Slade stood up. He replaced the Bible in his pack then went across to the other bedroom and wedged a chair firmly under the doorknob. He blew out all the lamps but one. When he went to the chaise lounge to lie down Ellen called him. “Don’t sleep over there. If I wake up I want you close enough to touch. Can you sleep here beside me? Please? I’ll scoot over and you can lay here on top of the blanket. I won’t wonder where you are then.”
Slade pulled the covers around her and lay down beside her. “Are you cold," she asked?
“No, I’m fine,” he told her. She raised her head and pulled his arm under her head. She turned closer to face him. Within in minutes they were asleep.
SLADE WOKE TO a feeling of disorientation. The sunlight shining outside the windows beside the bed was coming from the wrong direction and he was lying on top of the blanket in his clothes. The weight on his arm was Ellen’s head!
Memory snapped into place. And just as quickly the horrors of the night seemed to be chased away by the morning sun. He slid out of the bed, leaving Ellen sleeping soundly. He carried the tray from the little table and closed the door behind him.
He took his things into the bedroom Ellen had been in the night before. Slade stacked the traveling supplies behind the door and his own pack on the low bench at the foot of the bed. Without really planning to do so, he established the appearance of having spent the night in a separate room from her. There he used the last of the water in the urn to wash and straightened his shirt as best he could. He found his boots piled with the wagon supplies. His socks were blood stained from the night before so he dug through his things for another pair and folded the others away with the shirt for laundering later.
When he had again washed all remnants of sleep from his face and the memory of last night from his mind Slade pulled the bell rope to bring a hotel waiter to the room. The tea things needed to be removed and breakfast ordered.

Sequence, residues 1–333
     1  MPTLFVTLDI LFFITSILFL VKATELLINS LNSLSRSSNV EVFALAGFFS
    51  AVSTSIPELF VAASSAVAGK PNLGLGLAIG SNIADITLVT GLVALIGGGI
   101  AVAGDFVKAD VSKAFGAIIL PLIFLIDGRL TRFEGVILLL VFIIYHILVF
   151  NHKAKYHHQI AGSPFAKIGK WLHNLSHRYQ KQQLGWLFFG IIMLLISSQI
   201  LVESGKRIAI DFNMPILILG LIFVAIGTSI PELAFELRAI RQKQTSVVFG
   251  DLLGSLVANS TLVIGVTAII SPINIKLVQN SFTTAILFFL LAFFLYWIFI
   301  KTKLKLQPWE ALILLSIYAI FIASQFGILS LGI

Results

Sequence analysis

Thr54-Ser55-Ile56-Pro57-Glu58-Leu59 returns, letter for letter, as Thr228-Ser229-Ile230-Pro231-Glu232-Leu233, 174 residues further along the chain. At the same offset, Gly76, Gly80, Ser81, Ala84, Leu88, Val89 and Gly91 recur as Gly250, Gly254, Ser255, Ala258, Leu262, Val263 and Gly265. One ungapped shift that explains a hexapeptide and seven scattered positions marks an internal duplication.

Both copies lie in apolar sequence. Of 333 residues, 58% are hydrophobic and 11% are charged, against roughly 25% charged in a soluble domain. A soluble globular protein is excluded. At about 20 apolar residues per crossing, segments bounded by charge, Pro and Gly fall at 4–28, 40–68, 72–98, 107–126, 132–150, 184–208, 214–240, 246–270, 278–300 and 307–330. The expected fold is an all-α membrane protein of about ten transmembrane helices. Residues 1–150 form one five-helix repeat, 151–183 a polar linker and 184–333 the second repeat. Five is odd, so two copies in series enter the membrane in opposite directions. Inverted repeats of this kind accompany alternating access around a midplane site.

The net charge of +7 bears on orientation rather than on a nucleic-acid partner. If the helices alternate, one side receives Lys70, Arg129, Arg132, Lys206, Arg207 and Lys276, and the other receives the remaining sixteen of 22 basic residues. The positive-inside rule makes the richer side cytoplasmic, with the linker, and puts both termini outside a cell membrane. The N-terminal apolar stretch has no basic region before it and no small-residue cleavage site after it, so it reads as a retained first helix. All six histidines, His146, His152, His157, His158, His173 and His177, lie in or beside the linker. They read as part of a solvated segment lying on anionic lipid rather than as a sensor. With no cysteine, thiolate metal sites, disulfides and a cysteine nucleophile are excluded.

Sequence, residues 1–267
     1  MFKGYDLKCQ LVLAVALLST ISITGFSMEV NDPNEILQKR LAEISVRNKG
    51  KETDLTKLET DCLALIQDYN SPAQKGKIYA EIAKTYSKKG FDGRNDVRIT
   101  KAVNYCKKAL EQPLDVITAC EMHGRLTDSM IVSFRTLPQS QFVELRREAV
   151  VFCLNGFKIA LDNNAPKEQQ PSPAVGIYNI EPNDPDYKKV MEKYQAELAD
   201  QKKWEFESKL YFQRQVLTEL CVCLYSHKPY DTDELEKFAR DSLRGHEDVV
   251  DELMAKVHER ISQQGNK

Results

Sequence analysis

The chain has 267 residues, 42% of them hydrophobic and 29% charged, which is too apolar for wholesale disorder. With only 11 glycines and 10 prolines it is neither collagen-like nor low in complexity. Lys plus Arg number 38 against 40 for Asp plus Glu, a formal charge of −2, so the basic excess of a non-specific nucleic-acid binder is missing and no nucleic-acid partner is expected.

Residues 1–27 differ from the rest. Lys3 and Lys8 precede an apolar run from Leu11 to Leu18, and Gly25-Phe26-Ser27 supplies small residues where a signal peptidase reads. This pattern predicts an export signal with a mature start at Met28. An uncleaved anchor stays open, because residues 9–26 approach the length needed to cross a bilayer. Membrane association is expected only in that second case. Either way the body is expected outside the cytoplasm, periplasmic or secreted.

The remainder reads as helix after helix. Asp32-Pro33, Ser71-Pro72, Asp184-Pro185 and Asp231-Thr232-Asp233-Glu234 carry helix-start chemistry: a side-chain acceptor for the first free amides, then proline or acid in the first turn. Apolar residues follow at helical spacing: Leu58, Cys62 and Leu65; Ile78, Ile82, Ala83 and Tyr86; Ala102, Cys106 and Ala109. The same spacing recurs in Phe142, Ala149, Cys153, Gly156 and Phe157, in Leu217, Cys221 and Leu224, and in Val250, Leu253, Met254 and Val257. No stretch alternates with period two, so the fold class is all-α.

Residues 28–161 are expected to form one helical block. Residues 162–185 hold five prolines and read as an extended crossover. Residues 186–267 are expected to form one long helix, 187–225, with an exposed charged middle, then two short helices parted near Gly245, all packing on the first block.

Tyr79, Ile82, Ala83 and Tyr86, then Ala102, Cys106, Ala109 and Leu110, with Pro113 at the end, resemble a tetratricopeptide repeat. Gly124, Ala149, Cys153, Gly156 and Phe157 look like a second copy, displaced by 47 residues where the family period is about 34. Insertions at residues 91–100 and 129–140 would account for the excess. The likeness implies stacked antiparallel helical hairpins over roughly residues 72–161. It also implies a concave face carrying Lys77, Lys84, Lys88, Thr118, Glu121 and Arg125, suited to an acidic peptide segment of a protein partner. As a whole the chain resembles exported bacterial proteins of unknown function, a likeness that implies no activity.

Before anyone arrived for the tea things, there was a knock on the door. Slade slid the chest aside to open it. There stood Mrs. Coulter and two of her shop helpers. The one had dresses draped over her arms and the other carried two large packages. Mrs. Coulter herself had a long drape of material over her own arm. She swept in speaking as she came.
“I have brought Mrs. Aguilar’s things that she ordered yesterday. I do hope….’
Slade was shushing her furtively. “Mrs. Aguilar has not yet awakened. She had a very difficult night and I am standing guard to make sure no one disturbs her.
“Put the dresses over the back of the settee and the packages on the table. I’m sure she will deal with them when she wakes up.
“What is this?” He asked when Mrs. Coulter swept a length of dark green material across the chair.
“This is a cape that I found. It is heavy and warm. I thought perhaps since I don’t have a coat for her and it would take several days to make one that the cape would serve.”
“And these…” she went to the table to open the packages.
Slade was becoming more and more concerned that she would wake Ellen. “I’m sure Mrs. Aguilar will be pleased with everything. Now I must ask you to let her rest.
“I will convey your wishes to her; I’m sure she will want to stop by later today to thank you in person and to settle her accounts with you.”
Slade ushered the chatty lady and her helpers to the door as he spoke. Before they knew it they found themselves standing outside the closed and broken door. Mrs. Coulter wondered whatever could have happened to leave such a solid door in splinters. She and her ladies proceeded on down the hall determined to find out everything that had happened.
Slade leaned his back against the door feeling as though he had just survived a whirlwind.
Ellen turned over at the sound of voices from the other room.
She opened her eyes to the bright warmth of a strange bedroom. The events of the previous night ran through her mind and flowed away like water. With the sound of Slade’s voice from the other room and the sight of a new morning’s sun, they lost their menace.